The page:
Gaps in Security Log

by Mitch Tulloch [Published on 14 July 2005 / Last Updated on 14 July 2005]

You found a gap of several hours in your Security log, what does it mean?

You're reviewing the Security log on a Windows server and notice a 12 hour gap where there were no events logged. Could someone have hacked your server and tried to erase their tracks? Or was it simply a glitch of some kind, or a botched cover up of improper actions by another admin?

Start by looking at the events right at the end of the gap. Event 512 indicates that the server is booting up, so it may simply be that the server was down for 12 hours. Event 612 incidates that the audit policy on the machine was changed, usually by a GPO, so check and make sure that another admin hasn't done something they shouldn't have.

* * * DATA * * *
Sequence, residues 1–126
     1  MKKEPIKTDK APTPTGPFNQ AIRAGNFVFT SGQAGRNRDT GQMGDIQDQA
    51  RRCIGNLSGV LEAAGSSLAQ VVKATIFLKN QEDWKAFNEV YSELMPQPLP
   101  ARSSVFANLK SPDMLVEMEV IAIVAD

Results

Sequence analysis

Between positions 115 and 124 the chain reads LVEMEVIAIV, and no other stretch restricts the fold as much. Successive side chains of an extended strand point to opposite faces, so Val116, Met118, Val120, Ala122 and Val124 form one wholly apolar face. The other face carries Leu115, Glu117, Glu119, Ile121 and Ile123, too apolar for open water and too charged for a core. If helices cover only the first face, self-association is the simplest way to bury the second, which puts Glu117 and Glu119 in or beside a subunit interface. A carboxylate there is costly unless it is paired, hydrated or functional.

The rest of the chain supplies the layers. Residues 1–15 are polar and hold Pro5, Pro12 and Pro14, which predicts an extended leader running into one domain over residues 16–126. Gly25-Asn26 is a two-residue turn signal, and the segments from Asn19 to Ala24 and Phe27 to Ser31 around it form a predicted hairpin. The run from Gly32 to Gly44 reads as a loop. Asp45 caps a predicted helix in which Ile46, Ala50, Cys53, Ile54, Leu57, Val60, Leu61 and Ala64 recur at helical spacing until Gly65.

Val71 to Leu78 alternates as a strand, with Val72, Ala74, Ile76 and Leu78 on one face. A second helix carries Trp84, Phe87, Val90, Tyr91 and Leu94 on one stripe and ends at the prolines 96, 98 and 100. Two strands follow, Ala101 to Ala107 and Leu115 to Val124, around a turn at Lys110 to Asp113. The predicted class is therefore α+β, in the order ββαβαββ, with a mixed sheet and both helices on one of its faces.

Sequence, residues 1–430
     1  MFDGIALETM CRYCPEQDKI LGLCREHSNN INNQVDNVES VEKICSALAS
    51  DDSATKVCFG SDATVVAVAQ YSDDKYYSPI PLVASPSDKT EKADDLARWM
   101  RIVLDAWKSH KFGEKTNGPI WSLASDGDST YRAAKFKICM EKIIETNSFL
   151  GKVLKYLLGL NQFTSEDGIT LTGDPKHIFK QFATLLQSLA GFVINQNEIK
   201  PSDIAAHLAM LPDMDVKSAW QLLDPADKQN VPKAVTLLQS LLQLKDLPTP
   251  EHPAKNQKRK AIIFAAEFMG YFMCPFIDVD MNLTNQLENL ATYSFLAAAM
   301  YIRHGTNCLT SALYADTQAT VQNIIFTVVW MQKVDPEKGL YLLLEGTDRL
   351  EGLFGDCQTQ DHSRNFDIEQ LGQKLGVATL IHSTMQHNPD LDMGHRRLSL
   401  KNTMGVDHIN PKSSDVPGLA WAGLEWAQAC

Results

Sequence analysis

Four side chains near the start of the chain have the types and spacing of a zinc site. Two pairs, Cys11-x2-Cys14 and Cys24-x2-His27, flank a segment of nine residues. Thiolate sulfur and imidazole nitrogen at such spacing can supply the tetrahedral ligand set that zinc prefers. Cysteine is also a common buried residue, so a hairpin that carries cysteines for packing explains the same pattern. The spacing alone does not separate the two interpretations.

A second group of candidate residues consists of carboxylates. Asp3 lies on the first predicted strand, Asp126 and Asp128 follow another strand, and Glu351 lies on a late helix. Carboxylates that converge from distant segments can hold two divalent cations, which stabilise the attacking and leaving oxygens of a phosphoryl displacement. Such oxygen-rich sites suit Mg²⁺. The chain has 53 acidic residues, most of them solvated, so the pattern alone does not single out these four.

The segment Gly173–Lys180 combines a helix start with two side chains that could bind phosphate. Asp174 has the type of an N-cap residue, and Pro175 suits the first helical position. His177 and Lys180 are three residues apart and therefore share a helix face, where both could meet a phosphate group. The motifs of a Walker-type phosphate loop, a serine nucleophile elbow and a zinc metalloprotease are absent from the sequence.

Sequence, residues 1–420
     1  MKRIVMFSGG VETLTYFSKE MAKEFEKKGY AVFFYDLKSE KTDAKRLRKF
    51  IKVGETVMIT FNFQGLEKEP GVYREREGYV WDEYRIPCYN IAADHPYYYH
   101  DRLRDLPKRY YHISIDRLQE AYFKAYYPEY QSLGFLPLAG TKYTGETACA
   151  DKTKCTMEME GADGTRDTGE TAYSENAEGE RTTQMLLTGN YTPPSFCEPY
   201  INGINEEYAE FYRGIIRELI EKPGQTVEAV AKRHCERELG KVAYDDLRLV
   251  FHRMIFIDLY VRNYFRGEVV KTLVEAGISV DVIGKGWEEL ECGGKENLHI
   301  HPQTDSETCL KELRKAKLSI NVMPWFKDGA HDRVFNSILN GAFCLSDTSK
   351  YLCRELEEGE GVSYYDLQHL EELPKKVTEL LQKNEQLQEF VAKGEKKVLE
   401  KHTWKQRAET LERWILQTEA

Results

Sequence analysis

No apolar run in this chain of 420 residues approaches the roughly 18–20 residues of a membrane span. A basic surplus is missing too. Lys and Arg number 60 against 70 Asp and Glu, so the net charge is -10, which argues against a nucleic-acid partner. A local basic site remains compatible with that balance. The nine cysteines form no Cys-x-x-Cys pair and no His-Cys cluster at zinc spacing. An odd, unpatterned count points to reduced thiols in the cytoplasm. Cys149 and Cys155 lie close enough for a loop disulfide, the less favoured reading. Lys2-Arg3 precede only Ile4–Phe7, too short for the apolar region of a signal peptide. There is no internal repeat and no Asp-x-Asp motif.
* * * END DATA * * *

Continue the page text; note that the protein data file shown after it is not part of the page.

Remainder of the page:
You might think that Windows Security logs are totally secure, but there's actually a free tool called WinZapper that let's someone with admin access erase any events they want to from the Security Log. One way to prevent rogue admins from using this tool on your servers is to implement a Software Restriction Policy using Group Policy that prevents the WinZapper executable from running.

The Author — Mitch Tulloch

Mitch Tulloch is a widely recognized expert on Windows administration, networking, and security. He has been repeatedly awarded Most Valuable Professional (MVP) status by Microsoft for his outstanding contributions in supporting users who deploy and use Microsoft platforms, products and solutions. Mitch has published over two hundred articles on different IT websites and magazines, and he has written or contributed to almost two dozen books and is lead author for the Windows 7 Resource Kit from Microsoft Press. For more information, see .

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